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Opeth - Ghost Reveries CD (album) cover




Tech/Extreme Prog Metal

4.28 | 1788 ratings

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5 stars Ghost Reveries turned ten years old recently, and it holds up as a unique experience and a masterpiece of progressive metal. An expansion upon the trademark sound presented in Blackwater Park, Opeth bring in new influences, hire a keyboardist, and step up their songwriting game. The result is a rather eclectic, atmospherically dark, and intense album ' intense in the ways of technicality, intense in composition without sounding cluttered, intense in experimentation, intense in energy, and above all, intense in ambition.

Initially intended to be another concept album, Ghost Reveries has something to do with a man who kills his mother, and Satan is involved because gotta love those metal stereotypes. The idea wasn't fully carried through with, resulting in the 'concept' being no more than the repetition of a few words and phrases scattered throughout the songs (e.g. 'the hounds' and 'the mire' are repeated often during GR). Either way, the common words and lyrical themes create a unifying effect, helping to hold together an album that is already quite cohesive.

More importantly, the instrumentation is fantastic, Akerfeldt's vocals a classic mix between clean singing and growls; neither of them have downhill after fifteen years. Martin Lopez's versatile drumming never ceases to amaze as he works in excellent fills, rapid double bass, and engaging, original beats. The inclusion of ethnic drums in the album's middle songs signifies just another influence in this incredibly diverse album. Ghost Reveries is teeming with great riffs, from the slow, soothing bass groove of Atonement, to the vicious, heavy assaults found during brief straight-up death metal portions of the longer songs, and The Grand Conjuration's plain evil main riff. The keyboards add a new dimension to Opeth's sound and provide more options for the band, notably that weird but catchy, enjoyable riff at the beginning of Beneath the Mire. The guitar solos are well-performed, technical, and impressive, though they tend to slide under the radar, not being the focal points of the songs.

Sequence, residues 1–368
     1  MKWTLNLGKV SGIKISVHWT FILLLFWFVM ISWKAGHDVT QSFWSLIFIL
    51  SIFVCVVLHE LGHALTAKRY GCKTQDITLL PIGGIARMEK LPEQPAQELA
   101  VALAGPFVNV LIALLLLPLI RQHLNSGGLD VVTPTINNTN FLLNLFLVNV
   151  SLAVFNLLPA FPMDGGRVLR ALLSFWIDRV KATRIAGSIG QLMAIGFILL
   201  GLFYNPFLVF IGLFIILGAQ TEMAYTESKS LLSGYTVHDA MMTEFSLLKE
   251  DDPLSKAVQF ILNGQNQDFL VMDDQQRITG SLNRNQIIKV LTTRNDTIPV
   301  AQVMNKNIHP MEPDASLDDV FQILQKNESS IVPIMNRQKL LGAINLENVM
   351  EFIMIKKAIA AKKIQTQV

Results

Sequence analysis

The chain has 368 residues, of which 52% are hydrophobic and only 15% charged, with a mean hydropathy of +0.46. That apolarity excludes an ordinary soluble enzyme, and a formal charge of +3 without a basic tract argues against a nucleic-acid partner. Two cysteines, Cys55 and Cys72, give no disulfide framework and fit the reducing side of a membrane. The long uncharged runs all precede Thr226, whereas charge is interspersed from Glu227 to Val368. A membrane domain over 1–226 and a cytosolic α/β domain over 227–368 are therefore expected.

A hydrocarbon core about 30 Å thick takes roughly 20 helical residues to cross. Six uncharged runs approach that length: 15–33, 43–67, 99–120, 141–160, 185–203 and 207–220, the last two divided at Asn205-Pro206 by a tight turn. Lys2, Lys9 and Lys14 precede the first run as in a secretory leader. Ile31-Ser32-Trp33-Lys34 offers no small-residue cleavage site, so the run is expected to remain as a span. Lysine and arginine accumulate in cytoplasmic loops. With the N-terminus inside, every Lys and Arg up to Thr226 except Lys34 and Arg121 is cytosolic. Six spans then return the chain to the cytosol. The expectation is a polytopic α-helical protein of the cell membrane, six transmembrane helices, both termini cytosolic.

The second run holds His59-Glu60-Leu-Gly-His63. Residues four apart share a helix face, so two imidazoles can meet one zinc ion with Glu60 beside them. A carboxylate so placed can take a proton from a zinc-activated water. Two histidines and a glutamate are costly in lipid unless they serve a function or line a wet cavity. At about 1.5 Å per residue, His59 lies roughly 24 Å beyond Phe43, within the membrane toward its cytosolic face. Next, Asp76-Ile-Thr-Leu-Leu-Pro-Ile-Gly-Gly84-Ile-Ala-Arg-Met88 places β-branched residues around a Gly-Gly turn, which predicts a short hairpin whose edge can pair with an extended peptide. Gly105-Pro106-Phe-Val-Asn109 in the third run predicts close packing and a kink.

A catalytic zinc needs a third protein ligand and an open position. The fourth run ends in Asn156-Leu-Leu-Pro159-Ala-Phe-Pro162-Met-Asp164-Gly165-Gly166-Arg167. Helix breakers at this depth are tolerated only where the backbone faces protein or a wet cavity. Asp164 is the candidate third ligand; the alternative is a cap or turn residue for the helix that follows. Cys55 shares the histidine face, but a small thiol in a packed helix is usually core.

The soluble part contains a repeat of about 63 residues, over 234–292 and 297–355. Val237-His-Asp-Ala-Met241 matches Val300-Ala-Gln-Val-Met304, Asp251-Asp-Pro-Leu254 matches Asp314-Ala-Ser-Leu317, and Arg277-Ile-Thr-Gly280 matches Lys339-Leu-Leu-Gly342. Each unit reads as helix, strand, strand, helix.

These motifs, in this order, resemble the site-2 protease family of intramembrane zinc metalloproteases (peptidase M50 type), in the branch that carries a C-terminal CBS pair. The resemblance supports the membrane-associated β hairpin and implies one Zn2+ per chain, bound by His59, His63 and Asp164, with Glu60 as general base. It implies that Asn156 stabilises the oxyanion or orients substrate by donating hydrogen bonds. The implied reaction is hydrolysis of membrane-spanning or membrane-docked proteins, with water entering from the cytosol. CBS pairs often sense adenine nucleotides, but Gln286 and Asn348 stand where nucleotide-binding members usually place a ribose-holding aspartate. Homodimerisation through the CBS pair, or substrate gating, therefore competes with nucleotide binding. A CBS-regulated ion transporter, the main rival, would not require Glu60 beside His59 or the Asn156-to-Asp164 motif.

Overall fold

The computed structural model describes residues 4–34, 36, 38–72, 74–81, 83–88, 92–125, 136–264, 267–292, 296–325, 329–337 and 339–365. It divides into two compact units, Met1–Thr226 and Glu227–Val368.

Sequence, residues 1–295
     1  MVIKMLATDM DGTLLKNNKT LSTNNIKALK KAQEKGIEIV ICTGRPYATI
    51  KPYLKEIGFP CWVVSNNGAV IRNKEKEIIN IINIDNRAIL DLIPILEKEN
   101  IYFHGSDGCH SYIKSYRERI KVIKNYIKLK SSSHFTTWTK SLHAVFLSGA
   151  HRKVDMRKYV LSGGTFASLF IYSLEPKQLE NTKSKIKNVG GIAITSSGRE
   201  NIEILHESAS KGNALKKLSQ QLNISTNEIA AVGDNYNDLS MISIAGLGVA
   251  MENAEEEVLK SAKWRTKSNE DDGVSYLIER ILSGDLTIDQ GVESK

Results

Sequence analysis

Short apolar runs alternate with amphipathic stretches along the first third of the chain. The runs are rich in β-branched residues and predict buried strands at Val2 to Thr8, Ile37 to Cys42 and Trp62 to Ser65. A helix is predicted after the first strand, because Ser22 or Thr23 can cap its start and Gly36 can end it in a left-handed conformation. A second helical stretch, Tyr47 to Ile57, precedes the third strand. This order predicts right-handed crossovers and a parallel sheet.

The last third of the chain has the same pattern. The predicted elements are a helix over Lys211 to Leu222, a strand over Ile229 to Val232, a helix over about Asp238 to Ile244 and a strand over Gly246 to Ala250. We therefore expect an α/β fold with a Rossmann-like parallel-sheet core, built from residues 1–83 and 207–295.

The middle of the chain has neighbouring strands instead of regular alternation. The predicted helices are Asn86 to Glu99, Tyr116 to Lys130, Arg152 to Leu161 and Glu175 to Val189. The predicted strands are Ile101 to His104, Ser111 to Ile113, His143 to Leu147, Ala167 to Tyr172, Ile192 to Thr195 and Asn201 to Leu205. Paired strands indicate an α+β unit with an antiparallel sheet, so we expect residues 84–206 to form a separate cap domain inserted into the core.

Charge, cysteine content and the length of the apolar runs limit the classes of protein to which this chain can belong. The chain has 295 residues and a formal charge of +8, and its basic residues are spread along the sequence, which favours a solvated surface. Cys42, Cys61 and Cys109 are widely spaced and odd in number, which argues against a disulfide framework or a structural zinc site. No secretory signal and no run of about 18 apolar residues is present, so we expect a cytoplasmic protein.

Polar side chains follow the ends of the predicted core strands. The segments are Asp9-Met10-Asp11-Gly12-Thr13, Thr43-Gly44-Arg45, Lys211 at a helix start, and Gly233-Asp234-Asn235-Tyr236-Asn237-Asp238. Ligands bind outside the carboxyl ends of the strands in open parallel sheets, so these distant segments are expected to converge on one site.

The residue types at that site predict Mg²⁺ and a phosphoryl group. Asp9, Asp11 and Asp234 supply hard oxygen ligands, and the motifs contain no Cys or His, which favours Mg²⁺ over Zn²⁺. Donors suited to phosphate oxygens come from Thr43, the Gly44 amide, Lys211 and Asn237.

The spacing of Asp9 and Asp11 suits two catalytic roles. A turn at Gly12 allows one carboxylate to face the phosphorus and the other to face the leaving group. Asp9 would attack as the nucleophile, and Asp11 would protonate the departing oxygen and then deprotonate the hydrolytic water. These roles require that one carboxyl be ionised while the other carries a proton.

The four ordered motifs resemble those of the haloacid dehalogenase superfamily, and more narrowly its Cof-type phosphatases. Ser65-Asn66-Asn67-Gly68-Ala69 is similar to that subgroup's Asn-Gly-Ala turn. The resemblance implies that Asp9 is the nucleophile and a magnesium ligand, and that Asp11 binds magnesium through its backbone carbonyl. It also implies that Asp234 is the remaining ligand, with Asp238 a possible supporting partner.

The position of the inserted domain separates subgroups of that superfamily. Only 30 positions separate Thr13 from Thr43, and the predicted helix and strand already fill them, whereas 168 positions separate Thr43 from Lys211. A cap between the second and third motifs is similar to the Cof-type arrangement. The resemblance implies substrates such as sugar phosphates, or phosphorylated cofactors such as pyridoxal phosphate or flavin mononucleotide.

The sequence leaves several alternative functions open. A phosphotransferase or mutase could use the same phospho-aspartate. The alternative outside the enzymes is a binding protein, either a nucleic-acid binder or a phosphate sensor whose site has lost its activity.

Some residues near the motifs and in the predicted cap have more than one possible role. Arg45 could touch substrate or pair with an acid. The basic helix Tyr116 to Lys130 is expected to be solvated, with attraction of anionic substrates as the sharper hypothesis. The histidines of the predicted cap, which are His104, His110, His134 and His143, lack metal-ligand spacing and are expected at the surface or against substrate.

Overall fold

The main appeal of Ghost Reveries is of course the songwriting. The five long/heavy songs rely not only the previously established interplay between death metal and acoustic passages, but span the gap between the two, while including other influences as well. The soft parts don't always revert to acoustic guitars as done on previous albums; often they simply drop to quieter volumes, with some even containing hints of jazz. Songs such as the first two tracks are wildly unpredictable as Opeth fit more changes and variety into songs of ten minutes. Baying of the Hounds starts heavy, goes down, comes back up, enters an acoustic break, and then ends heavy, and I won't even try to describe the structure of Ghost of Perdition. The transitions are seamless and come so often that the songs never get boring. Though a few of these songs seem anticlimactic (specifically Beneath the Mire and Harlequin Forest), it truly is in the journey, not the destination, and the dramatic, heavy Grand Conjuration provides enough of a peak to close the album (with Isolation Years akin to a short coda).

The soft songs on this album may not be as well-loved as others the band has written, though they fit on the album better. Atonement is a good track, providing a much-needed break for calmness following the heavy first three songs. The haunting chorus riff and beautiful piano solo simply make the song. Isolation Years is a mournful, ballad, and even the album's weakest offering, Hours of Wealth, has a gorgeous beginning and is very much emotionally charged.

Opeth's songwriting and instrumentation peaked here. Ghost Reveries is flawless.

Insin | 5/5 |


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